Alternative Financing and HUD 242

Posted on December 28, 2011

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When I started my career as an architect, it never occurred to me I would need to know much about access to capital. Indeed, times have changed.

On the contrary, architects need to know quite a bit about how hospitals function fiscally.  Historically, hospitals’ three main sources of construction project funding have been municipal (tax-free) bonds, private borrowing and donor money. When the subprime lending debacle hit a few years ago, leading to the tar pit economy of today, it induced very conservative lending standards.  Both the bond market, a traditionally reliable way to raise project capital, and private lending, except for the most well-positioned hospitals, dried up.

Since the traditional avenues of bonds and borrowing are largely closed, and access to capital has become quite a challenge for hospitals, many other creative ideas and alternatives are being considered.

It is no secret the alternative has become the norm in many areas of healthcare. For hospitals seeking project funding, this means considerations such as:

  • Federal grants and loans (HUD 242, USDA, state programs for rural)
  • Small business loans (SBA 504)
  • Lease instead of own (developer-led ventures:  off-balance sheet financing, triple-net, sale-leaseback)
  • Private investors.  This year the AIA initiated a program to help stalled projects start back up again, with the help of investor money.

Recently I spoke with Armadale Capital’s Stephen Pack, one of the nation’s leading HUD 242 mortgage lenders about the HUD 242 program. The FHA’s Section 242 program “helps hospitals access affordable capital with mortgage insurance” and is administered by HUD, thus the term HUD 242.  I wanted to find out ‘the straight dope’ on this program I heard many rumors about; I wanted to determine fact from fiction.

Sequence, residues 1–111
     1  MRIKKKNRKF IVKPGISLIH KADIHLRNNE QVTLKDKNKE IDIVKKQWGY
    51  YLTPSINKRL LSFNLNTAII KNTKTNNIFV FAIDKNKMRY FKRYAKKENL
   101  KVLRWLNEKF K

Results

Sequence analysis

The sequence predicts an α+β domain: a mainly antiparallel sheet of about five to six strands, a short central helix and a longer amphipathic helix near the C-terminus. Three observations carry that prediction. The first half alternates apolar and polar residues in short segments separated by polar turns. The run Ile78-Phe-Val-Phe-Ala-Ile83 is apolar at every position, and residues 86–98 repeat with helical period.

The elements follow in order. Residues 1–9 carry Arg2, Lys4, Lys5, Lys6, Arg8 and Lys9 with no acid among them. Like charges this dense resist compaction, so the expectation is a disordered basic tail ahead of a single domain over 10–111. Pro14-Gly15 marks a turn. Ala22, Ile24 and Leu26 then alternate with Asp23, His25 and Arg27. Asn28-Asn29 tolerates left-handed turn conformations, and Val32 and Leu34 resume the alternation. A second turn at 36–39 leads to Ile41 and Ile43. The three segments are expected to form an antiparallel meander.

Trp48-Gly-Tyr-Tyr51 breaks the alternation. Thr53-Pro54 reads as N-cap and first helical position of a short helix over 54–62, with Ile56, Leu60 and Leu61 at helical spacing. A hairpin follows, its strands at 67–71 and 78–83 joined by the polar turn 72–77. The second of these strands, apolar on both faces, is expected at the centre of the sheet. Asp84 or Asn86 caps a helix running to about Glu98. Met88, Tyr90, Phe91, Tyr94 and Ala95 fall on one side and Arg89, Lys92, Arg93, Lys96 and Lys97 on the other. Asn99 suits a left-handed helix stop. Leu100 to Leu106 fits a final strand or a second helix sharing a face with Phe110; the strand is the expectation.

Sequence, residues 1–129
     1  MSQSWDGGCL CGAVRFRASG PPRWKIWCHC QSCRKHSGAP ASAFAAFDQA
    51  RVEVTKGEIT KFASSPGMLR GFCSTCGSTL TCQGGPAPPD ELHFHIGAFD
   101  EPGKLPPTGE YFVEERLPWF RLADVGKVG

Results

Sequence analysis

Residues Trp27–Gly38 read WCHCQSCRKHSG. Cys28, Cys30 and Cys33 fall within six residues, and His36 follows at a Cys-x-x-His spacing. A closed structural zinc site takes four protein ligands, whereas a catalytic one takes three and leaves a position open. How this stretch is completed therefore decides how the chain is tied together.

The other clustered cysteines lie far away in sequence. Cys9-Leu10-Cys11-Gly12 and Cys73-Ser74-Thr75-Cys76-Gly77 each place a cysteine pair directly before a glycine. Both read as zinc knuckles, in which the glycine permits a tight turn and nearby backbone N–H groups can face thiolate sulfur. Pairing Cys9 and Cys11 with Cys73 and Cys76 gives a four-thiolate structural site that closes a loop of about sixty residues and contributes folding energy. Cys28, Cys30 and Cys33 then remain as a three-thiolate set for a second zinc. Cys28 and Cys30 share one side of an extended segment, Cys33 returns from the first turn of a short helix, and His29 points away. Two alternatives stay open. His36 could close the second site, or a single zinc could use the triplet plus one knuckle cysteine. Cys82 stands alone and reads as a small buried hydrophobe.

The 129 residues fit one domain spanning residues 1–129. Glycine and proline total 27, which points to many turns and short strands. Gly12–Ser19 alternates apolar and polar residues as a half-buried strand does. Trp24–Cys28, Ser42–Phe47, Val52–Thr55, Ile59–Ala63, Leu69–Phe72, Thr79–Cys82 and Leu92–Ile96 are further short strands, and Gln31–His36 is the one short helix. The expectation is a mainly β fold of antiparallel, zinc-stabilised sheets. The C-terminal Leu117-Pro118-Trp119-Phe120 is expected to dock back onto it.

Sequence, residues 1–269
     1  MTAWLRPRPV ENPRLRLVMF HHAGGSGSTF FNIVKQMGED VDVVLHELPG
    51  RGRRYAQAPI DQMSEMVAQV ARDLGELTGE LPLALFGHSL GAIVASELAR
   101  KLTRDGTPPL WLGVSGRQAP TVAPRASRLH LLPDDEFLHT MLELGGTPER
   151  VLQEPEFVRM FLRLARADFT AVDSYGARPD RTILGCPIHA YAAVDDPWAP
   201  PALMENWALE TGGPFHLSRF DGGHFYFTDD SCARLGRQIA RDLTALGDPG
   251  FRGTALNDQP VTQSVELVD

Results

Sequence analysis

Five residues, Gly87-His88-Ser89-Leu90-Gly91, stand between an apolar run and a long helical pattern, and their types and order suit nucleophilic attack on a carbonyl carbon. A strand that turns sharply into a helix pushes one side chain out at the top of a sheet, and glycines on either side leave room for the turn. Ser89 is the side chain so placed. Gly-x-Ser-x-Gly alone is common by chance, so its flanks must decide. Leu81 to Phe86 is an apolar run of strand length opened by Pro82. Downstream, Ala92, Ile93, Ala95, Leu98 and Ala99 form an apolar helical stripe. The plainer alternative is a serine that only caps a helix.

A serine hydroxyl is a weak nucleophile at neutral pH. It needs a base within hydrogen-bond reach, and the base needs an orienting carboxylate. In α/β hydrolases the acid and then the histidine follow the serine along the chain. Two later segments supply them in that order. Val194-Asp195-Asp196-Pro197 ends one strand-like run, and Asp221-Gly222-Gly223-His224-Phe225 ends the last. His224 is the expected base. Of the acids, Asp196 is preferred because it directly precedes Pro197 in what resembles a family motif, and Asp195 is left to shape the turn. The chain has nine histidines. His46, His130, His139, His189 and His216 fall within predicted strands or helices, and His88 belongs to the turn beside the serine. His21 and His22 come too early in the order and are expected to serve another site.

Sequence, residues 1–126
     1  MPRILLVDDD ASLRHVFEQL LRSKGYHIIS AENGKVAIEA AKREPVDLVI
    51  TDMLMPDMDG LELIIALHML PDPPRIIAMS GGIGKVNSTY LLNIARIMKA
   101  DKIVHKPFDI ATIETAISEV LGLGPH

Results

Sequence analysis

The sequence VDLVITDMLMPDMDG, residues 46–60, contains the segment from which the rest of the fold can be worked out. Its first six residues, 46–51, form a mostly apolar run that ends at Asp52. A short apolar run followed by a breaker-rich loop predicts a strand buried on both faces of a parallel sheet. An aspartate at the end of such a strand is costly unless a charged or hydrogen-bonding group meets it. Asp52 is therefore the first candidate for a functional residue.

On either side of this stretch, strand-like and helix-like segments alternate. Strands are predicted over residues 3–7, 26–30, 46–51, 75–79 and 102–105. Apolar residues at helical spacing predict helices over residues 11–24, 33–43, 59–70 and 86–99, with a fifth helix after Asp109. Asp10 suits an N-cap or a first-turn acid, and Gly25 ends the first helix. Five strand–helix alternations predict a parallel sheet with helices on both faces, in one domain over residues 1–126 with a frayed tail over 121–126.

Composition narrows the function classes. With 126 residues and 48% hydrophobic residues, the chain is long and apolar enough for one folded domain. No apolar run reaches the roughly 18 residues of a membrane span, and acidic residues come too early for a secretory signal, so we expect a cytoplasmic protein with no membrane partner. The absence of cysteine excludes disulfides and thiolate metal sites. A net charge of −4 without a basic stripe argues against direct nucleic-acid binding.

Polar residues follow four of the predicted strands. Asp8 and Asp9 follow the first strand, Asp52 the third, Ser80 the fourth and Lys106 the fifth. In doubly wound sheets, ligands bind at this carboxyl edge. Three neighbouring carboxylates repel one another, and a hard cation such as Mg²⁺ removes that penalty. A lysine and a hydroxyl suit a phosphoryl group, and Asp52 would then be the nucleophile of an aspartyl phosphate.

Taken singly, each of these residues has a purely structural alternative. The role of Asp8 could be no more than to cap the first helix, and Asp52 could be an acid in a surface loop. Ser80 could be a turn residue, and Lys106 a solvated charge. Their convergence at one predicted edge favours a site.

Here are five myths I discovered, which may help hospitals consider HUD 242 for a future project:

Myth #1My bond credit rating is too poor for the HUD 242 program.  HUD 242 thresholds for debt capacity are different than the private lending market.  A hospital with a BBB rating may qualify under the FHA. Other factors such as project size and scope determine program eligibility.

Myth #2HUD 242 is only for small dollar amount projects. On the contrary, HUD 242 can secure funds in the several hundreds of millions of dollars. In fact, there is a project size (~$20-25 million) below which the fees may be cost prohibitive to the project. The FHA wants to enable the right type of projects for the right reasons, regardless of dollar amount.

Myth #3Unless I’m poor, small and rural, I can’t qualify for HUD 242. Sure, the FHA does have a target profile for its partners, and it gives preference to sole community providers and critical access hospitals. However, HUD 242 is built for hospitals with substantial capital needs rated “A” or below, wherever they are located. And, the program accepts for-profits as well as non-profit ownership models.

Myth #4I can’t wait 180 days for a bureaucratic process like HUD 242. Historically federal programs, especially those involving money, have been known for red tape and delay; but the HUD 242 program of today is dedicated to streamlined processing through an easier application process, increased staffing, and in-house quality improvement initiatives like Six Sigma.

Myth #5HUD 242 is useless because it only guarantees a loan, and I have no lender to begin with. True, the FHA and HUD do not provide money directly, but you don’t need a lender on board. Only a small handful of individuals qualify to administer the HUD 242 program nationally, and only another small group are qualified FHA / HUD lenders. Your partner in the HUD 242 program plays an important role in both qualifying and navigating the requirements for the FHA, and also linking the applicant (hospital) to funding sources.

The long-term effects of our current economy on lending and access to capital may not be fully known for years. For example, there is talk the federal government will begin eliminating tax exemptions on some investments as a way to increase revenue. Some believe this will effectively kill the market for tax-free municipal bonds, a major source of capital for hospitals as noted above.

To predict the future may not be possible. But planning for it is prudent, and to know what is available if your tried-and-true funding method were to vanish one day might just might save your project and your hospital.

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